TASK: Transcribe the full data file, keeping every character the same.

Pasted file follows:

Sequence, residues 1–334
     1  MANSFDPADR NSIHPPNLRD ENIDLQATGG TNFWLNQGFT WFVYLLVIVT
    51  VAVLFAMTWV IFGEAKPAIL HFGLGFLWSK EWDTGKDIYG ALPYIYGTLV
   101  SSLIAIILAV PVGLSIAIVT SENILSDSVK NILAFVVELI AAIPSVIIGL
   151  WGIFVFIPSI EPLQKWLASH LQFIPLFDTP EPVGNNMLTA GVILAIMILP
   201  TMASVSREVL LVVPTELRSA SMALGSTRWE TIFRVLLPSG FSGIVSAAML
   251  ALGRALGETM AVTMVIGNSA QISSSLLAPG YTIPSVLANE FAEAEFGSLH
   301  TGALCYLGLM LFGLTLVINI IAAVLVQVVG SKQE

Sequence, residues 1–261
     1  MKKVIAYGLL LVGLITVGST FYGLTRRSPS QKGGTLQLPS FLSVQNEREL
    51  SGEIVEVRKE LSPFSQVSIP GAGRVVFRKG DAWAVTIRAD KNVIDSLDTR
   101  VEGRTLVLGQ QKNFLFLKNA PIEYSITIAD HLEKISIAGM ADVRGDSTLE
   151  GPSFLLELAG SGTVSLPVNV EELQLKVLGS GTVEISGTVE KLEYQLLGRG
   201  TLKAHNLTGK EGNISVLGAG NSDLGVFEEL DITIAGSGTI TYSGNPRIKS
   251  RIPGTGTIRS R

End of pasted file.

Sequence, residues 1–334
     1  MANSFDPADR NSIHPPNLRD ENIDLQATGG TNFWLNQGFT WFVYLLVIVT
    51  VAVLFAMTWV IFGEAKPAIL HFGLGFLWSK EWDTGKDIYG ALPYIYGTLV
   101  SSLIAIILAV PVGLSIAIVT SENILSDSVK NILAFVVELI AAIPSVIIGL
   151  WGIFVFIPSI EPLQKWLASH LQFIPLFDTP EPVGNNMLTA GVILAIMILP
   201  TMASVSREVL LVVPTELRSA SMALGSTRWE TIFRVLLPSG FSGIVSAAML
   251  ALGRALGETM AVTMVIGNSA QISSSLLAPG YTIPSVLANE FAEAEFGSLH
   301  TGALCYLGLM LFGLTLVINI IAAVLVQVVG SKQE

Sequence, residues 1–261
     1  MKKVIAYGLL LVGLITVGST FYGLTRRSPS QKGGTLQLPS FLSVQNEREL
    51  SGEIVEVRKE LSPFSQVSIP GAGRVVFRKG DAWAVTIRAD KNVIDSLDTR
   101  VEGRTLVLGQ QKNFLFLKNA PIEYSITIAD HLEKISIAGM ADVRGDSTLE
   151  GPSFLLELAG SGTVSLPVNV EELQLKVLGS GTVEISGTVE KLEYQLLGRG
   201  TLKAHNLTGK EGNISVLGAG NSDLGVFEEL DITIAGSGTI TYSGNPRIKS
   251  RIPGTGTIRS R